Blood Will Tell

Blood Will Tell

Vampires as Political Metaphors Before World War I

eBook - 2011
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Academic Studies Press
Blood Will Tell explores the ways in which writers, thinkers, and politicians used blood and vampire-related imagery to express social and cultural anxieties in the decades leading up to the First World War. Covering a wide variety of topics, including science, citizenship, gender, and anti-Semitism, Robinson demonstrates the ways in which rhetoric tied to blood and vampires permeated political discourse and transcended the disparate cultures of Great Britain, France, Germany, and the United States, forming a cohesive political and cultural metaphor. An excellent resource, both for students of nineteenth century cultural history and for those interested in the historical roots of Western fascination with vampires.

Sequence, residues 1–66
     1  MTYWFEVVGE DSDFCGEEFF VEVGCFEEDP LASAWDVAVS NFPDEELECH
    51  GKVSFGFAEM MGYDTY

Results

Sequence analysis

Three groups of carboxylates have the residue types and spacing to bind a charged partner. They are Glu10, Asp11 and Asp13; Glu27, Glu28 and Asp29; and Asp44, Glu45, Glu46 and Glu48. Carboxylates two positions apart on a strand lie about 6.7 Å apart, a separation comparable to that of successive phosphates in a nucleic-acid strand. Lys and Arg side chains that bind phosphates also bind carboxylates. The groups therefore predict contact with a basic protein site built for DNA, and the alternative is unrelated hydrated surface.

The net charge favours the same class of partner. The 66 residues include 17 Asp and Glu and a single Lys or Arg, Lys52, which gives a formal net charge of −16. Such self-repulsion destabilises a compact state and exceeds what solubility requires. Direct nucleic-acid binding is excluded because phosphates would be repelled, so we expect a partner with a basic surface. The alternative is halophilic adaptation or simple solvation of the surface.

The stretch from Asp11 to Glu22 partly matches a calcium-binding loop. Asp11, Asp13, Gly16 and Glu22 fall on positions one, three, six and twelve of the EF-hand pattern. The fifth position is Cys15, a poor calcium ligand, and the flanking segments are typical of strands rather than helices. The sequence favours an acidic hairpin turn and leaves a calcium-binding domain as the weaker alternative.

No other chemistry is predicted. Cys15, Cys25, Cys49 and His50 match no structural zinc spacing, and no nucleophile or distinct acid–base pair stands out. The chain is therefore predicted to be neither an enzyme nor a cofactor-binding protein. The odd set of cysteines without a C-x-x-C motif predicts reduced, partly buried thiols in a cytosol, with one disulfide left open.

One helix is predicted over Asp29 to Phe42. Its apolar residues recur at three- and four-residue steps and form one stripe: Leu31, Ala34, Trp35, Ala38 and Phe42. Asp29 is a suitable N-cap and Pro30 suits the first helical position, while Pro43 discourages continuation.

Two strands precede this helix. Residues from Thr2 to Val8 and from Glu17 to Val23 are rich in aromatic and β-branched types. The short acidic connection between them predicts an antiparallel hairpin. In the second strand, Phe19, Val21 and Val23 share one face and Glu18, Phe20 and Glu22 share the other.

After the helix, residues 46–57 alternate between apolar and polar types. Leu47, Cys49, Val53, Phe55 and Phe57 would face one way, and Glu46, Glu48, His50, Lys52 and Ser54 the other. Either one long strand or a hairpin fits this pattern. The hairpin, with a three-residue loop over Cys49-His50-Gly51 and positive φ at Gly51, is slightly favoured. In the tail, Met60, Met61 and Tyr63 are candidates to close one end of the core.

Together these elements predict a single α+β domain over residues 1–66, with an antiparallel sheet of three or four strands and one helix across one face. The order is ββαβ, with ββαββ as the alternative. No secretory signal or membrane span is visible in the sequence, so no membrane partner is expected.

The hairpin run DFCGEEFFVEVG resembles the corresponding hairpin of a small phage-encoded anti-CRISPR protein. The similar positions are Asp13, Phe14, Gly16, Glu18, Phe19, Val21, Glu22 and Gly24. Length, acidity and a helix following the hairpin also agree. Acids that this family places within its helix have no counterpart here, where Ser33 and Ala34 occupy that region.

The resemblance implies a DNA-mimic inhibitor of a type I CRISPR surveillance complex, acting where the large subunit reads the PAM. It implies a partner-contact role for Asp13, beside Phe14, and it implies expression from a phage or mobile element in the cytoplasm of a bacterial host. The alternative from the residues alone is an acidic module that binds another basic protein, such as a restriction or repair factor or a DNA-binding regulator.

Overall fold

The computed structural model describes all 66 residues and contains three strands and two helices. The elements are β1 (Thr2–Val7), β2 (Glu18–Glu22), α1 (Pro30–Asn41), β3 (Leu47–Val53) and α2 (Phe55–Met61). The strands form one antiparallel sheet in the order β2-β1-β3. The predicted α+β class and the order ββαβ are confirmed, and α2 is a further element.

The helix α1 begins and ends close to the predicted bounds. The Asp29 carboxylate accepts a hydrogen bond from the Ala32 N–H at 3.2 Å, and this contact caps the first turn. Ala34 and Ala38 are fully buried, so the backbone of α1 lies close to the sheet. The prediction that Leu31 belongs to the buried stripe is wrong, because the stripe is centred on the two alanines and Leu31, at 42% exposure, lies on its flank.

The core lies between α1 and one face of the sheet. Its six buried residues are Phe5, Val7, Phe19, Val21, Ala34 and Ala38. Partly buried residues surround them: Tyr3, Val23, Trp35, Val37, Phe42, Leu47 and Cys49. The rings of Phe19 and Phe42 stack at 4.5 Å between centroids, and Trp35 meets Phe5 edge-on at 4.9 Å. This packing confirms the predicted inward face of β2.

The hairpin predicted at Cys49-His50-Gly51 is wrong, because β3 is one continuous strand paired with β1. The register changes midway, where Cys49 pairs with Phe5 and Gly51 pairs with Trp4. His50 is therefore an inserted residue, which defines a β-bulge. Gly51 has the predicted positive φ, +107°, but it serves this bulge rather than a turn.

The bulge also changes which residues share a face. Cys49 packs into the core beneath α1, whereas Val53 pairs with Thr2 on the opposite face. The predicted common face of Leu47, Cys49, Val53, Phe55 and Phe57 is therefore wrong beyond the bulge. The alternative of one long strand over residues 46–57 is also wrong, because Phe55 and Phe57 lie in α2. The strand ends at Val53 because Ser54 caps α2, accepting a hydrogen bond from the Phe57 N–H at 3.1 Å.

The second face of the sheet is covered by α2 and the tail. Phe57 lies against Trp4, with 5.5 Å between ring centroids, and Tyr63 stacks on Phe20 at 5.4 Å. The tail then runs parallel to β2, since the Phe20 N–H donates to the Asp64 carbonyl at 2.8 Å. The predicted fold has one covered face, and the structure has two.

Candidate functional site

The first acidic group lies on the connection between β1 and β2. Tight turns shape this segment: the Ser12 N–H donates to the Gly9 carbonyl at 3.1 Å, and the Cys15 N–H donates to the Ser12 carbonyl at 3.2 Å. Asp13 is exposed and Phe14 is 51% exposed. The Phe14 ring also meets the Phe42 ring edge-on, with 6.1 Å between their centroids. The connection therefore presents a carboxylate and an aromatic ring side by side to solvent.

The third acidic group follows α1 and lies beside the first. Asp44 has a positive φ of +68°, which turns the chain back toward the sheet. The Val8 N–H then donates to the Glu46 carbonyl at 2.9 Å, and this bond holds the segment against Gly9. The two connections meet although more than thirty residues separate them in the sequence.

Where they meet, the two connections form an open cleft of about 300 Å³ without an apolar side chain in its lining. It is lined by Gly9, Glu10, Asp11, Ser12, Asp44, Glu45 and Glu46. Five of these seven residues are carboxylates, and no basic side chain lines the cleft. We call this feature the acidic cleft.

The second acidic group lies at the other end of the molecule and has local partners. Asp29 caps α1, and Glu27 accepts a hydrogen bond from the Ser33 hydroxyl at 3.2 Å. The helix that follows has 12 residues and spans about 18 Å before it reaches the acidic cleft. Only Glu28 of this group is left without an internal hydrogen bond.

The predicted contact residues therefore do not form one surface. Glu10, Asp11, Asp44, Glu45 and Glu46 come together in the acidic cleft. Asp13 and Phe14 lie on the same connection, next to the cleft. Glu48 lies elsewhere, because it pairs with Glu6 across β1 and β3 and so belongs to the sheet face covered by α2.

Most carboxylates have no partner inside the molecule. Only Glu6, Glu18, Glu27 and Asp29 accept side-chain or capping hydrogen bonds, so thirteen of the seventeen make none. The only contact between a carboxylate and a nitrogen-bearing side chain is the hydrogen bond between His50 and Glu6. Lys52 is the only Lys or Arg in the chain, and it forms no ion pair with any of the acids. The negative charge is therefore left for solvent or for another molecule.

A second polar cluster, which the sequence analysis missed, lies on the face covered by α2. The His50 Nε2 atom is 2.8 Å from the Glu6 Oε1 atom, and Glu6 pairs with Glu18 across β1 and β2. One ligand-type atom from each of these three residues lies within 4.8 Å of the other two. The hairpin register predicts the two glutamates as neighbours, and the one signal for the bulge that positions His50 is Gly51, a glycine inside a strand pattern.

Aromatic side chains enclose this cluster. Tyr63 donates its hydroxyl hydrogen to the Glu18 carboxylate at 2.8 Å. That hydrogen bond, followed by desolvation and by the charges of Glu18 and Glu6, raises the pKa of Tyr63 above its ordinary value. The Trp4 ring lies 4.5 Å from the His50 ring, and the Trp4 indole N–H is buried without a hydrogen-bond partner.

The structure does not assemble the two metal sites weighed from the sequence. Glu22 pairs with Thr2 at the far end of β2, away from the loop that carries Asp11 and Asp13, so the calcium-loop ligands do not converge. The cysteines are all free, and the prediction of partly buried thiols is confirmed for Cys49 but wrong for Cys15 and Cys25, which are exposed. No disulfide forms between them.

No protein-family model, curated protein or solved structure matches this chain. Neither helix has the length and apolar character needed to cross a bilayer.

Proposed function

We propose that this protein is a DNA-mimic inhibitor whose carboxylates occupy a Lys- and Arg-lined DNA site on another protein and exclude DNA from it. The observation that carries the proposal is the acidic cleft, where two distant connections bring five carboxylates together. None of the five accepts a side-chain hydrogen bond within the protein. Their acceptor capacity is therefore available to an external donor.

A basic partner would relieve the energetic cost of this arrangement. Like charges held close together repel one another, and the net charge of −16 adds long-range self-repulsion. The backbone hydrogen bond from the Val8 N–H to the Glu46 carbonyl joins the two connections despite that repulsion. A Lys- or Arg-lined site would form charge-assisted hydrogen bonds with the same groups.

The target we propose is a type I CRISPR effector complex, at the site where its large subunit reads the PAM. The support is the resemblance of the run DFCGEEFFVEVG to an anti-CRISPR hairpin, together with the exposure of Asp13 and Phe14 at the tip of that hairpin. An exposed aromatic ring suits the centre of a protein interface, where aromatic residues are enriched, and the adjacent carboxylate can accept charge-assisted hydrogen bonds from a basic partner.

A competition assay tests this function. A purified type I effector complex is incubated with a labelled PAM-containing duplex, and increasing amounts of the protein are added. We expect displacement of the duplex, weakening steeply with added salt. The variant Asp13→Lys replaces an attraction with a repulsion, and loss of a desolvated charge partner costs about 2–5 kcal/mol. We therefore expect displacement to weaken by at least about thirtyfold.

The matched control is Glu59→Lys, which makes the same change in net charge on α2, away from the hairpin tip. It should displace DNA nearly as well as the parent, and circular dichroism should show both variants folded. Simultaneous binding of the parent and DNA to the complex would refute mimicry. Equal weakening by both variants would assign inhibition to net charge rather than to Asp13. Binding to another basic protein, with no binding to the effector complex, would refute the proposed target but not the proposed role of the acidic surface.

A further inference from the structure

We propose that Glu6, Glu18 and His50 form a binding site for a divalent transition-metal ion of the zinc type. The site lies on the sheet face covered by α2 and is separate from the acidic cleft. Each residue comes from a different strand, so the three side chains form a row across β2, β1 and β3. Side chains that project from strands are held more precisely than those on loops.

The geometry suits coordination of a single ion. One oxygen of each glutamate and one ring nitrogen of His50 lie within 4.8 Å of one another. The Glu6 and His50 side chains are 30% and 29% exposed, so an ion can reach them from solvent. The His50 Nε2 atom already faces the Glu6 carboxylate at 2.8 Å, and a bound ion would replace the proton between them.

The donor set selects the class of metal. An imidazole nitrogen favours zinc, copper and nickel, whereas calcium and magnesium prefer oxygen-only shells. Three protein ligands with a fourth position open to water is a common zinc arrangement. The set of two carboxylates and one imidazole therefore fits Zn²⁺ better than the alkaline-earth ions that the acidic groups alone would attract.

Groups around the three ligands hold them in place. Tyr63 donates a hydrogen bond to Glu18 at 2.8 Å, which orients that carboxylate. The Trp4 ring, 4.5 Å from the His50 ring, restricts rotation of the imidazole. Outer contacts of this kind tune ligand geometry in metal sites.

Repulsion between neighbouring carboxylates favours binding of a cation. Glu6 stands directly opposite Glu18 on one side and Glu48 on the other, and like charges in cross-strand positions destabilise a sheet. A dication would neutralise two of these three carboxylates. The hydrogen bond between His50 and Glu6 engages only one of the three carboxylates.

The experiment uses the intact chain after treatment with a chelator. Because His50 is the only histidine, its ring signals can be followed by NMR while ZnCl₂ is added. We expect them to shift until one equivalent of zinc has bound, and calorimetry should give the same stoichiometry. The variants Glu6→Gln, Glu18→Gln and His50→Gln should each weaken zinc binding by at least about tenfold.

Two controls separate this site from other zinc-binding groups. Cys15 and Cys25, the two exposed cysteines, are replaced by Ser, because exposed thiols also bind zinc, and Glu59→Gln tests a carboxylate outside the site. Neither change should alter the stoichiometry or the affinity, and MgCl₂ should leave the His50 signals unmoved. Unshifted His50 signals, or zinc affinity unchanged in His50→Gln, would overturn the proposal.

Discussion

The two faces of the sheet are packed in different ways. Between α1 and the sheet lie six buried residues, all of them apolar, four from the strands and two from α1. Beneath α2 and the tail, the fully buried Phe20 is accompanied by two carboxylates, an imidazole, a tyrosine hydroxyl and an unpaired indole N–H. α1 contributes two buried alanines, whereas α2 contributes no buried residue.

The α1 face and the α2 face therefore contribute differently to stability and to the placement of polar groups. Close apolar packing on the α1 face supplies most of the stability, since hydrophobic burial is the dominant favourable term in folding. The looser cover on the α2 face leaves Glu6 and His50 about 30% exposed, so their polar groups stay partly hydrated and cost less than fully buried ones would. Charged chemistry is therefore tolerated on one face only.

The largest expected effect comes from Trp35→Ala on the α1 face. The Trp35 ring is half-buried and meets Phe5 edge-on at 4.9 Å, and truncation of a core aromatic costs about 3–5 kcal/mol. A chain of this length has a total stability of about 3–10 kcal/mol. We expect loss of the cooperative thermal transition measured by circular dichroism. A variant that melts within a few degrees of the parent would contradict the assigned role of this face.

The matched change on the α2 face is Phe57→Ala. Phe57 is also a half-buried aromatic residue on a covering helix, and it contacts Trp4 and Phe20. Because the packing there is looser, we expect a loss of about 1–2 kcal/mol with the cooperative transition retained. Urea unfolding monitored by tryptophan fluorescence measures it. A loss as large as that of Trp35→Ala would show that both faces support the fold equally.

Book News
Focusing on the years 1870 to 1914, Robinson (Brandeis University) explores the ways in which metaphors of vampires and blood were used to express anxieties about political, cultural, and scientific movements such as political radicalism, corporate monopolies, and women's independence. After an overview of the origins of the vampire legend and its introduction to Western Europe from Eastern Europe, the author looks at how vampires became a symbolic figure of the Other in Great Britain, France, Germany and the US, analyzing the work of 19th century authors, politicians, journalists, and popular entertainers. The book includes a wealth of b&w historical illustrations and political cartoons. Annotation ©2012 Book News, Inc., Portland, OR (

Publisher: Boston : Academic Studies Press, Ă2011
ISBN: 9781618110190
Characteristics: 1 online resource (xxvii, 214 pages) : illustrations
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